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TitleStructural performance of the Esfahan Shah Mosque
Author(s)Dinani, Ali T.
Bisol, Giacomo Destro
Ortega, Javier
Lourenço, Paulo B.
KeywordsMasonry structures
Nondestructive testing (NDT)
Numerical modeling
Sensitivity analysis
Esfahan Shah Mosque
Seismic safety assessment
Issue date2021
PublisherAmerican Society of Civil Engineers (ASCE)
JournalJournal of Structural Engineering
CitationDinani, A. T., Destro Bisol, G., Ortega, J., & Lourenço, P. B. (2021, October). Structural Performance of the Esfahan Shah Mosque. Journal of Structural Engineering. American Society of Civil Engineers (ASCE).
Abstract(s)Structural assessment and seismic vulnerability of ancient masonry buildings is a difficult task even when employing advanced specialized technical skills, which requires a complex study. This paper aims to assess the structural and seismic safety of the Esfahan Shah Mosque in Iran by numerically investigating the nonlinear behavior of the mosque for different scenarios and identifying if there is a correlation between crack patterns resulting from numerical analysis, inspection, and historical evidence. First, the numerical model of the mosque is developed and updated using the experimental parameters obtained from a nondestructive test (NDT) campaign that included ambient vibration and sonic testing. Second, the finite element calibrated model is used to evaluate the structural behavior of the mosque under vertical loading, including the influence of the soil and a sensitivity analysis varying the masonry material properties. Besides, the paper discusses the structural behavior of radial stiffening walls that connect the inner and outer domes of the mosque. Finally, pushover analysis was performed to assess the seismic safety of the building and the efficiency of the structural strengthening implemented in the early 20th century. The different technical observations and analyses lead to a better understanding of the double dome and the eyvan (a rectangular space, usually vaulted, walled on three sides, with one end entirely open) as the most vulnerable parts of the structure, which validates the structural strengthening of the 1930s. Yet, improving the connection between the stiffening walls and the two domes could effectively increase the global structural performance of the building.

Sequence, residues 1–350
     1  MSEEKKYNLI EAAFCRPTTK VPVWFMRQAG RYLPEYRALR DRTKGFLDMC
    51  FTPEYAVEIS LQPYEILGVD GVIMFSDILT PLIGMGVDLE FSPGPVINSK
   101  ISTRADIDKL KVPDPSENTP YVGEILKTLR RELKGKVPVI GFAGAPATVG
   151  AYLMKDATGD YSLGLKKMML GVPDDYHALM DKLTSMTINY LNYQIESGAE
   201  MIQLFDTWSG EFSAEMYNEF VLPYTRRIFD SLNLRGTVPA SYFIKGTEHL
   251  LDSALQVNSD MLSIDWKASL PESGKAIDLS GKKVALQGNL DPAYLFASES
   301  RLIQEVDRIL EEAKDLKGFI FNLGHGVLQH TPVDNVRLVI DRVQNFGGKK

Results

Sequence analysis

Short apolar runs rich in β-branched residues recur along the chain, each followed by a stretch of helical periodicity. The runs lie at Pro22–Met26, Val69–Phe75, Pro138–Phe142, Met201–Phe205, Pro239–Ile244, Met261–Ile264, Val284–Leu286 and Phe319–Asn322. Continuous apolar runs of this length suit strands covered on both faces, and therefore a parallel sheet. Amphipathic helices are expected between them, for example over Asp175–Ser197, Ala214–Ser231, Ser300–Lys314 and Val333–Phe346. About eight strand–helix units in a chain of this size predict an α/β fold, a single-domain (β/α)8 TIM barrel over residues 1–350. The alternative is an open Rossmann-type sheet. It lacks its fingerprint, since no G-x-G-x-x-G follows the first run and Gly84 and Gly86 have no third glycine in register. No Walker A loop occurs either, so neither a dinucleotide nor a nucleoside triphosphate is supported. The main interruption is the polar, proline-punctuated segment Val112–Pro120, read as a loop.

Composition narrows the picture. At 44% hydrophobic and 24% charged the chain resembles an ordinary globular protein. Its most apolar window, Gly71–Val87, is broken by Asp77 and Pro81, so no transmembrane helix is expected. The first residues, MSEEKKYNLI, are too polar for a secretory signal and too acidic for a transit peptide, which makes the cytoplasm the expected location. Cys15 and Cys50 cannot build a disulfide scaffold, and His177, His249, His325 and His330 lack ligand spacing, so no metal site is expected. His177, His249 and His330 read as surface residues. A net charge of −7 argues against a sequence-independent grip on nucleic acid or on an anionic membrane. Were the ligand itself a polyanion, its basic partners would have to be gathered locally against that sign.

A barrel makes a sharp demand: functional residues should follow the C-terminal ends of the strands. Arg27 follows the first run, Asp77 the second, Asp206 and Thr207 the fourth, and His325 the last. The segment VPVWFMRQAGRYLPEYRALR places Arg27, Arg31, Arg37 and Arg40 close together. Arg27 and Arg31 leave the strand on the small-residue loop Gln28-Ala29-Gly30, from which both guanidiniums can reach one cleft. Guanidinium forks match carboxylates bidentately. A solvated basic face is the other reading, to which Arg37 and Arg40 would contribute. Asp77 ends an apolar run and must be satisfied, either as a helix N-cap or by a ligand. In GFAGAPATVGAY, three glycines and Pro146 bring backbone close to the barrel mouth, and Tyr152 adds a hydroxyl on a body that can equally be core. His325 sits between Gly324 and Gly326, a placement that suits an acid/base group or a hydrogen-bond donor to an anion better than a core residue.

Publisher version
AccessOpen access
Appears in Collections:ISISE - Artigos em Revistas Internacionais

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